Political class has failed Grangemouth

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Once again The Scotsman publishes a strong editorial (22 October) demanding that politicians of opposing parties co-operate to face a national crisis – in this case the death of Grangemouth.

How often have your correspondents made similar pleas as the inability of the politicians to work together has morphed dramas into crises, crises into disasters and disasters into tragedies?

Readers will be pleased to know that our British parliament at Westminster demonstrated on Monday that MPs of all parties can reach an accord.

The subject? MPs’ taxpayer-funded allowances.

The Independent Parliamentary Standards Authority – our parliamentary watchdog – recommended the MPs receive a pay rise of £7,600 a year in exchange for relinquishing their rights to claim a bewildering level of expenses, but the MPs, arguing through the Commons Standards Committee, have held out for the pay rise and the expenses. It’s good to know that MPs can act together over the important things in life.

At the same time, the same MPs will probably let Grangemouth go. Alex Salmond will fight for it, because if Grangemouth goes it will probably take the SNP dreams of independence with it, while some of those who crave the Union look the other way.

Where is our Cromwell? Where is the one with the ­authority to tell the armies of power-obsessed party parliamentarians: “Depart I say, and let us have done with you. In the name of God, go!”?

We need, as The Scotsman’s editorial demands, proper public politicians.

David Fiddimore

Calton Road


Your editorial, which tries to shift the onus for the Ineos debacle onto the politicians, is a continuation of the Scottish media’s mealy-mouthed attitude to the failure of the Scottish workforce to take a considered, grown-up approach to the changing world we all live in. Of course, at one time, when North Sea oil was in full flow the workers had the ball at their foot and they cashed in fully on it.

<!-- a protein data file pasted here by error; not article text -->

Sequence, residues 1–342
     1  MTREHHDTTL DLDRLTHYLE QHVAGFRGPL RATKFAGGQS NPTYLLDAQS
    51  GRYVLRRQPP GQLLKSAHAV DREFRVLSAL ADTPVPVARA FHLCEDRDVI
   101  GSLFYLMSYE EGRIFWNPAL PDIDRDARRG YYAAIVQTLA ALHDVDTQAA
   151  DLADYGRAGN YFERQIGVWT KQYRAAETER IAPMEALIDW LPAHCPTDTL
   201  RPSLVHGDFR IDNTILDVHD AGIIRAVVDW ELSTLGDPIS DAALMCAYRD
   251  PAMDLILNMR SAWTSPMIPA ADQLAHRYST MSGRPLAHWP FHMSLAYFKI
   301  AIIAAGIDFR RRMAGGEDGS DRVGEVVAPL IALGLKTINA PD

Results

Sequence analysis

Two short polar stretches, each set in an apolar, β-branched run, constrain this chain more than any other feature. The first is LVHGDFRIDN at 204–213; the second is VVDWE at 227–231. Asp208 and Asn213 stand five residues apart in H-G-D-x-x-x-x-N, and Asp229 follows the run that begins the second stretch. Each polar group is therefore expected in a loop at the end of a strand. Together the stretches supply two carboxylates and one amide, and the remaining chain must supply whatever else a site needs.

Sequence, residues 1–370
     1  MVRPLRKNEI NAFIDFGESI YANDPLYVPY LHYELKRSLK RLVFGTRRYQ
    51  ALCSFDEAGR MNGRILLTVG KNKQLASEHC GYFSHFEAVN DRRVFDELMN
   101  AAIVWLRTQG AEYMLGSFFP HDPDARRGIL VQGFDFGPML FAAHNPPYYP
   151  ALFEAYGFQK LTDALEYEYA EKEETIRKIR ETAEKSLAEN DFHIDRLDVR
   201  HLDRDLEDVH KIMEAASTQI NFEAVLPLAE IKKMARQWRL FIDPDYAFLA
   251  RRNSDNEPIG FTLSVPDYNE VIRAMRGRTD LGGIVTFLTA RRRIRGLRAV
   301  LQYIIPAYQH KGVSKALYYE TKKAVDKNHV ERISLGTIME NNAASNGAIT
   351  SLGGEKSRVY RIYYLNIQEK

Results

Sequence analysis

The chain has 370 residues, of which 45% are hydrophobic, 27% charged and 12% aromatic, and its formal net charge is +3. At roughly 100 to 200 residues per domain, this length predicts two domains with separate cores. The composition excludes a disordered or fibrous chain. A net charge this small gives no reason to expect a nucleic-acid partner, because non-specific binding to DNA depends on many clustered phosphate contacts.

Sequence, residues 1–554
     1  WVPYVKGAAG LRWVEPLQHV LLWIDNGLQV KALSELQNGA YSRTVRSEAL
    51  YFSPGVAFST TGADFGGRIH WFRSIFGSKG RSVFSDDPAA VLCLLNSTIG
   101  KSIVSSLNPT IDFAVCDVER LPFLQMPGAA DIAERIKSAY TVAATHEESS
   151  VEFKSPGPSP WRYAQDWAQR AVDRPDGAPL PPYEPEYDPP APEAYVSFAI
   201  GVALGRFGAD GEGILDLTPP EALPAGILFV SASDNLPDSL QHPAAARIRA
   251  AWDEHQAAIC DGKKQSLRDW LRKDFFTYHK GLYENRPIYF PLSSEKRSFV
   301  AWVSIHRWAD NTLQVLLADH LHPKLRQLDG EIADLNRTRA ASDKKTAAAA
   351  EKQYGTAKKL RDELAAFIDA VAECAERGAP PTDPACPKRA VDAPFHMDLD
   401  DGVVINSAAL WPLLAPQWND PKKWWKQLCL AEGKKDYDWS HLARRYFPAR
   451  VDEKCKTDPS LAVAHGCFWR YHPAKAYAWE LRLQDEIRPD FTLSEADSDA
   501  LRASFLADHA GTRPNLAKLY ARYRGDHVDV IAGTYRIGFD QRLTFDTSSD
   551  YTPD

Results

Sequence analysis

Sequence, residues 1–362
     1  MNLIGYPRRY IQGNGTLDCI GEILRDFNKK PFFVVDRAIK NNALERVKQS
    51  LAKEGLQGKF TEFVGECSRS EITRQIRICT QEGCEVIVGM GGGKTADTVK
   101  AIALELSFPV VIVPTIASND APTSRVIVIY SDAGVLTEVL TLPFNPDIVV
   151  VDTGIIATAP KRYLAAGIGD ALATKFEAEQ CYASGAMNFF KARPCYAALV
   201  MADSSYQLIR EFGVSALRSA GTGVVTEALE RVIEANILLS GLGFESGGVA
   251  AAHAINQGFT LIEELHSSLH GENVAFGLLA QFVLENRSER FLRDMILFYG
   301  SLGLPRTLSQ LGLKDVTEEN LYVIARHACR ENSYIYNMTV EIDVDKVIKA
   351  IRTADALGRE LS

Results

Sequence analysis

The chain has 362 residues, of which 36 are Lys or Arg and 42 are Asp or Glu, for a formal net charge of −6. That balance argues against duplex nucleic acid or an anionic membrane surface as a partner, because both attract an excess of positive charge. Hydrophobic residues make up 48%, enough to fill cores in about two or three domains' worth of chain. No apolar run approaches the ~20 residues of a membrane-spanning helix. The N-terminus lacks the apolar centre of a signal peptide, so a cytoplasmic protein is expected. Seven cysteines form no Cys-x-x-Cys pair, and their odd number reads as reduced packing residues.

That is reflected in the generous remunerations they negotiated at that time.

But those days are gone, and the plant needs to import oil to keep operating.

Suddenly it has to compete on the world market with other plants which import oil but which are far less expensive than Grangemouth to run. No amount of intervention by politicians can alter that fact.

The irresponsible action of the London-controlled Unite trade union in fostering the belief that all they have to do is “fight” and the company will back down has terrible echoes in Scottish industrial relations over the past ­century.

Dr John Cameron, in a recent letter, listed many of the Scottish industries which the “fight” strategy killed off in recent decades, but still the Scottish workforce is suckered into the same old trap. If the workers at Grangemouth do not have the savvy to negotiate new conditions in the much weakened circumstances in which they find themselves then The Proclaimers will be singing “Grangemouth no more” in the very near future.

Irvine Inglis



We must thank Alf Young for revealing “the Chinese dimension of the Grangemouth saga” (Perspective, 19 October). But isn’t global capitalism a topsy-turvy world of conflicting values and the real­politik of interests?

Seemingly one realistic outcome of the dispute could be that the “bulk of Scotland’s petrol supplies” could be state controlled.

This raises the prospect of a Communist, authoritarian state, far removed from either a Scottish or British settlement and at odds with the very values of liberal democracy.

Hence, important as “strategic and security interests” are for a possibly independent Scotland, they aren’t the only issue. Arguably for a country seeking self-determination, Scotland should be in the forefront of raising China’s record on, for instance, the political independence of Tibet.

Ellis Thorpe

Old Chapel Walk


It now seems the Scottish Government is trying to find a buyer for the Grangemouth refinery should Ineos decide to close the plant.

This is right and proper but, unfortunately, like the fabled emperor, it also shows that the SNP has no clothes.

If the Grangemouth plant shuts and does not reopen the SNP loses its main source of revenue and the means to fund its grandiose plans for the nirvanic state that it ­assures us will follow independence.

Brian Allan

Keith Street